Rapsody’s New Album Honors the Generational Power of Black Women

Homages include Michelle Obama, Oprah Winfrey, and Sojourner Truth

Rapsody

Jose Gongora

Fight disinformation: Sign up for the free Mother Jones Daily newsletter and follow the news that matters.

You know them by their first names: Oprah. Serena. Michelle. Sojourner. Influential black women who have shaped cultural moments and historical movements across generations. These icons—among others you’re sure to recognize—were the inspiration for Grammy-nominated rapper Rapsody’s latest studio album, Eve.

As Mother Jones Podcast host Jamilah King describes her, Rapsody is probably your favorite rapper’s favorite rapper. The North Carolina native has been one of the most prominent voices in hip-hop over the last decade. Her raps are melodic, full of witty puns and nods to her self-described “tomboy femininity” and Southern traditions. She’s been defying the stereotypes often applied to women rappers since she burst onto the scene in 2007. 

On this week’s episode of the Mother Jones Podcast, King sits down with Rapsody to discuss art, politics, representation, and what keeps her going in these turbulent political times. 

Listen to the latest episode of the Mother Jones Podcast below:

“There’s a way I can add to the movement because we can’t afford to be silent anymore,” said Rapsody. “Desperate times call for desperate measures, and it really pushes a culture forward, and I think hip-hop is at the forefront of that.”  

Rapsody’s third studio album, Eve, was released last Friday. While it isn’t explicitly a political anthem, its empowering messages are not hidden either.

“Representation and what we see in the media—they don’t show the balance and range that is black women all the time,” said Rapsody. “We’re all different and it’s okay to be different. This is what the world looks like, so that’s beautiful.” 

TIME IS RUNNING OUT!

We have an ambitious $350,000 online fundraising goal this month and it's truly crunch time: About 15 percent of our yearly online giving usually comes in during the final week of the year, and in "No Cute Headlines or Manipulative BS," we explain why we simply can't afford to come up short right now.

The bottom line: Corporations and powerful people with deep pockets will never sustain the type of journalism Mother Jones exists to do. And advertising or profit-driven ownership groups will never make time-intensive, in-depth reporting viable.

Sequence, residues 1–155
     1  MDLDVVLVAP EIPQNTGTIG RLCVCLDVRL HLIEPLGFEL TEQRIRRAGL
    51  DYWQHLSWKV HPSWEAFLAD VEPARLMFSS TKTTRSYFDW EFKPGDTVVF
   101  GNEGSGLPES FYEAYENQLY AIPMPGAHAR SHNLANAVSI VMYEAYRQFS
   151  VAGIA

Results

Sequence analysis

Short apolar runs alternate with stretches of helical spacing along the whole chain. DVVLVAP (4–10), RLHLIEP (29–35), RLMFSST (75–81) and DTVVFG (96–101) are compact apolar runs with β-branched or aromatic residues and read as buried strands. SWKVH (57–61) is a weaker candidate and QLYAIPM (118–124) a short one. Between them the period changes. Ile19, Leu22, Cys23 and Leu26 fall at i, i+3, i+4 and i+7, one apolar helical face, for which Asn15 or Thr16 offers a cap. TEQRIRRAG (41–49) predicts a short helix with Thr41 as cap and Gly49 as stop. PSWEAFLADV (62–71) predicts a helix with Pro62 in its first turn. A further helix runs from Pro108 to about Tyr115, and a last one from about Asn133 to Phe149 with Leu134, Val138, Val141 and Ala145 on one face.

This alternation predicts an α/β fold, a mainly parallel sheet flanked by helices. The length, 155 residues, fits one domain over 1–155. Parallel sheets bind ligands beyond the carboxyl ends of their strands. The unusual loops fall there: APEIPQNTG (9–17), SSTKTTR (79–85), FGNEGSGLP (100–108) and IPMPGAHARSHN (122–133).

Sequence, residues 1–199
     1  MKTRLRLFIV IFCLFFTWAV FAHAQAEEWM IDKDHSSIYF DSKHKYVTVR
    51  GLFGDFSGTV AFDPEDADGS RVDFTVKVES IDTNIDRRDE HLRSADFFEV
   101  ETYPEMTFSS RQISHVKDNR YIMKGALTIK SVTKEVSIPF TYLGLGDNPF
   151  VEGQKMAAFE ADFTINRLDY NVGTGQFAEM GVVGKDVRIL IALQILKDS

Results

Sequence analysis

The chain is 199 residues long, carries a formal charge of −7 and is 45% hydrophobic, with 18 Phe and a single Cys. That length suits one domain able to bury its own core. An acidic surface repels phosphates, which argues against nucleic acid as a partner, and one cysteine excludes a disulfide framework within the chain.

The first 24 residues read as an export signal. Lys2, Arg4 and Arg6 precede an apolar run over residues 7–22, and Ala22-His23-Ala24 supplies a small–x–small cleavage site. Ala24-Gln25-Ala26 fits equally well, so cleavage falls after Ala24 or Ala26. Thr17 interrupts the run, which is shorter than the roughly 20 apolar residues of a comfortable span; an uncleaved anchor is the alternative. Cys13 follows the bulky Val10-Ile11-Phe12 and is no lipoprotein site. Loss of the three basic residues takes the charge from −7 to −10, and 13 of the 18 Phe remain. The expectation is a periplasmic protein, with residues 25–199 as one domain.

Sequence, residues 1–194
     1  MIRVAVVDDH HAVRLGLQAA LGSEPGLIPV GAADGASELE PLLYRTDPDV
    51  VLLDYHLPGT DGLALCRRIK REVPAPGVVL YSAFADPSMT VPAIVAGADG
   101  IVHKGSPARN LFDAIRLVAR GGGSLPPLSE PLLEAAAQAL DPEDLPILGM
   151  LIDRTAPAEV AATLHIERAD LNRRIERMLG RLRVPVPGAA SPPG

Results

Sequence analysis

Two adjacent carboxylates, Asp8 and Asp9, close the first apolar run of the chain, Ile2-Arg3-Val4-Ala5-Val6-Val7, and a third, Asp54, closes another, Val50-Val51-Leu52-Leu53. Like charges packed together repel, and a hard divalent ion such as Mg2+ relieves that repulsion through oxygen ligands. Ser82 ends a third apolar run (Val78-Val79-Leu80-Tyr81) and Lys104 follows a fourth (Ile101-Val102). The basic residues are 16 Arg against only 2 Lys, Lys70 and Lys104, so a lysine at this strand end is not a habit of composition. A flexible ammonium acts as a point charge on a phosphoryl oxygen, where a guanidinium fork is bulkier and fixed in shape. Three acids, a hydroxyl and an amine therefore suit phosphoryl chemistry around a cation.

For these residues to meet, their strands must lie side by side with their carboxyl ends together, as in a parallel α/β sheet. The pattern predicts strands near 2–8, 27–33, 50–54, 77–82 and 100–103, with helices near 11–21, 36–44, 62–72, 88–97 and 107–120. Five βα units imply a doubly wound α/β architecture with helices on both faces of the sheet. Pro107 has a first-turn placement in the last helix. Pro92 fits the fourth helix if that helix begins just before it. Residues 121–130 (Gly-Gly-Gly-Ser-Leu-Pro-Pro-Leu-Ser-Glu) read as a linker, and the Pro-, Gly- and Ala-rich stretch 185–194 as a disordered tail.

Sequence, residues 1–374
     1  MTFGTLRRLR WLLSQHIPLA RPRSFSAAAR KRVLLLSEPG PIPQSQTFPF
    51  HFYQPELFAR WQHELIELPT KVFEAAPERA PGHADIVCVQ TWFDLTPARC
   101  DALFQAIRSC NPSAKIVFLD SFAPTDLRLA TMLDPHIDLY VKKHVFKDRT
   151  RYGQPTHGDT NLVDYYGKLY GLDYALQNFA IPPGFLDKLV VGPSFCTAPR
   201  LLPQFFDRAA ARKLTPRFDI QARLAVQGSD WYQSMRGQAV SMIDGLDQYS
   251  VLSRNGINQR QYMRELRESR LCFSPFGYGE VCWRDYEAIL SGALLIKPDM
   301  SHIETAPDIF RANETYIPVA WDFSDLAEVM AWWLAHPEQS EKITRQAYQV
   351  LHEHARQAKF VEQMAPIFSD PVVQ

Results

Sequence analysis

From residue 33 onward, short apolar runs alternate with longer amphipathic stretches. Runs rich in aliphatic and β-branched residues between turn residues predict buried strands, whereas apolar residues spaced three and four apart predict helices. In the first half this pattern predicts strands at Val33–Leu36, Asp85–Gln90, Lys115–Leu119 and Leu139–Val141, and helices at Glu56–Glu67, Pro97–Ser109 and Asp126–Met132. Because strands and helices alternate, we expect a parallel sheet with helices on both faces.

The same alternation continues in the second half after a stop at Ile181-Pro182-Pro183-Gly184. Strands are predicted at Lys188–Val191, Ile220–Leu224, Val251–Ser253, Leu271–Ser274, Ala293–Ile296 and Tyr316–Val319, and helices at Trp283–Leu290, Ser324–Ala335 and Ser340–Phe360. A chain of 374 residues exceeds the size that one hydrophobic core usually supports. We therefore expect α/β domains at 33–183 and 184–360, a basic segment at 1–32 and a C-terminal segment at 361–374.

That's why donations big and small make up 74 percent of our budget this year. There is no backup to keep us going, no alternate revenue source, no secret benefactor. If readers don’t donate, we won’t be here. It's that simple.

And if you can help us out with a donation right now, all online gifts will be matched thanks to an incredibly generous matching gift pledge.

payment methods

TIME IS RUNNING OUT!

We have an ambitious $350,000 online fundraising goal this month and it's truly crunch time: About 15 percent of our yearly online giving usually comes in during the final week of the year, and in "No Cute Headlines or Manipulative BS," we explain why we simply can't afford to come up short right now.

The bottom line: Corporations and powerful people with deep pockets will never sustain the type of journalism Mother Jones exists to do. And advertising or profit-driven ownership groups will never make time-intensive, in-depth reporting viable.

That's why donations big and small make up 74 percent of our budget this year. There is no backup to keep us going, no alternate revenue source, no secret benefactor. If readers don’t donate, we won’t be here. It's that simple.

And if you can help us out with a donation right now, all online gifts will be matched thanks to an incredibly generous matching gift pledge.

payment methods

We Recommend

Latest

Sign up for our free newsletter

Subscribe to the Mother Jones Daily to have our top stories delivered directly to your inbox.

Get our award-winning magazine

Save big on a full year of investigations, ideas, and insights.

Subscribe

Support our journalism

Help Mother Jones' reporters dig deep with a tax-deductible donation.

Donate